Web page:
WASHINGTON–– It’s hard out there for an adult, especially if you don’t really feel like one. The expression “to adult” and “adulting” has become a popular term to describe navigating day-to-day task one imagines a competent adult would engage in without fanfare–– but for you, it feels like a genuine accomplishment.
The Edlavitch DCJCC’s young professionals group, EntryPoint DC, hosted an event January 15 entitled “Adulting: An afternoon of Life Hack Workshops” geared toward people in their 20s and 30s looking to rise to the occasion with regularity. In a series of sessions, speakers discussed topics including career planning, modern dating, managing finances, and the 2016 presidential election.
Writer and social media strategist Jon Savitt led “Getting out of your Bubble: A Post-Election Dialogue.”
“As an adult I think it’s hard to find the time to actually sit down and talk about such issues in a meaningful way,” Savitt said. “In such tense political times, I wanted this to be an open space for respectful discussion–– to share personal experiences, to vent, and ultimately leave with tangible actions of what we can do if we want to leave our ‘bubbles.’”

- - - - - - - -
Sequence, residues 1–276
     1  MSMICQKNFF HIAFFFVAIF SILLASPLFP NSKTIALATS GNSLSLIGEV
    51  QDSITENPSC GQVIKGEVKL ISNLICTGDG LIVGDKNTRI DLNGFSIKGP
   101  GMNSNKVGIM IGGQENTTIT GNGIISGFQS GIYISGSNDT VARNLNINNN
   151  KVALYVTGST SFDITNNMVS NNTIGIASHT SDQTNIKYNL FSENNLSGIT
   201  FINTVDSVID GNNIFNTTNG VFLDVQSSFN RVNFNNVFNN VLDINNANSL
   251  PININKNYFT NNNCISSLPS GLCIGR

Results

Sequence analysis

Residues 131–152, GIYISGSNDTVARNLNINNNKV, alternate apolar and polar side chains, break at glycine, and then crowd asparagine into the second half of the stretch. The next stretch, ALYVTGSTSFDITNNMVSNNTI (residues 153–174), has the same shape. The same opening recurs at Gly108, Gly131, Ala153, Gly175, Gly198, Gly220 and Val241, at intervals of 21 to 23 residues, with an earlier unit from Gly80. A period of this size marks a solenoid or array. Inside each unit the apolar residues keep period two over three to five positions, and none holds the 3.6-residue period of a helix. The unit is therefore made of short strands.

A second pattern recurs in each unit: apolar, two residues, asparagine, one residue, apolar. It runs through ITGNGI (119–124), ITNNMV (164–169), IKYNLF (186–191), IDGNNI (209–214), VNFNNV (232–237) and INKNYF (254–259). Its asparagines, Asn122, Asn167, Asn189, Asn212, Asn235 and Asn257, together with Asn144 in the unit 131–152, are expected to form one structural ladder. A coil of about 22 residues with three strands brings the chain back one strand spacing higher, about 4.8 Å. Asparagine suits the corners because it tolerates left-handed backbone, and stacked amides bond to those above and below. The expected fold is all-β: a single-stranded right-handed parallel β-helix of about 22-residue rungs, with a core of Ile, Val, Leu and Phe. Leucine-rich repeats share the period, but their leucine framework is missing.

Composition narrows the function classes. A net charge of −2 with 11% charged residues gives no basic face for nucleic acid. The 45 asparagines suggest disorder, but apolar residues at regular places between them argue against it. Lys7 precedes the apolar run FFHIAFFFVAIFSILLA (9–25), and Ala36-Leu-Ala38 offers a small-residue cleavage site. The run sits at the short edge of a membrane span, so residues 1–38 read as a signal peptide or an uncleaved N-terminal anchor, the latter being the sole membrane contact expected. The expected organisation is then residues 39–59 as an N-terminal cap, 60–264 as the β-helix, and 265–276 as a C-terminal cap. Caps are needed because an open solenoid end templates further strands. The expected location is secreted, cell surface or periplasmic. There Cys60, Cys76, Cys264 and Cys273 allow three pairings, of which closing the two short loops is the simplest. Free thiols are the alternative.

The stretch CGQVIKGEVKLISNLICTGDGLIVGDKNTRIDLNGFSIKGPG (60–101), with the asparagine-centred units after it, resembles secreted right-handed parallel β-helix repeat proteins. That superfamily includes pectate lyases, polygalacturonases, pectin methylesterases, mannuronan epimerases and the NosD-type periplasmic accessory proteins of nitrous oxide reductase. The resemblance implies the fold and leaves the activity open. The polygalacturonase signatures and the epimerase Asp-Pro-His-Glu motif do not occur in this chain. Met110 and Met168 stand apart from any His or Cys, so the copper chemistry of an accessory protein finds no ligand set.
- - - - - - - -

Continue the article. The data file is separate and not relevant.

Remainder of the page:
“As President Obama put it, ‘If you’re tired of arguing with strangers on the internet, try talking with one of them in real life,’” said Savitt.
Of course, there was also plenty of opportunity to nosh and schmooze between the sessions, giving participants an opportunity to connect and reflect on the discussions.
Event participant Mary Wexler said she found the session “Financially Fit: Managing Money, Homebuying, and Estate Planning” useful. “I liked how we spoke about real estate, since I’m a potential buyer,” she said. “The workshop was a very useful tool since I want to learn more about the DC market.”
Many participants also enjoyed Erika Ettin’s workshop “Real Talk About Modern Dating.” Ettin is the author of Love at First Site and founder of A Little Nudge, where she helps people navigate the world of online dating.
James Brock and Nachum Silverstein said it was refreshing to have discussions about what goes into dating as opposed to just trying to meet people online.
“As someone who craves learning,” said Savitt, “the workshops provided the opportunity to expand knowledge on unfamiliar subject matter–– an act that sometimes gets lost after school.”
“But honestly, what may have been most important was the fact that the event allowed you to meet strangers in an environment that’s not a bar,” he said.